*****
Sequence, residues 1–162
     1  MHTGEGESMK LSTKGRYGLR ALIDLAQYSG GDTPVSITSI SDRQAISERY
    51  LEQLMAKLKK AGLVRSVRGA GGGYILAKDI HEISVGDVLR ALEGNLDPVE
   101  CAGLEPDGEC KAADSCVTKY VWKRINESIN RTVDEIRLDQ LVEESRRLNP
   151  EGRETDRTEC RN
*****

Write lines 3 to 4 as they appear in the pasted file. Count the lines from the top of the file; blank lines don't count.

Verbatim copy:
    51  LEQLMAKLKK AGLVRSVRGA GGGYILAKDI HEISVGDVLR ALEGNLDPVE
   101  CAGLEPDGEC KAADSCVTKY VWKRINESIN RTVDEIRLDQ LVEESRRLNP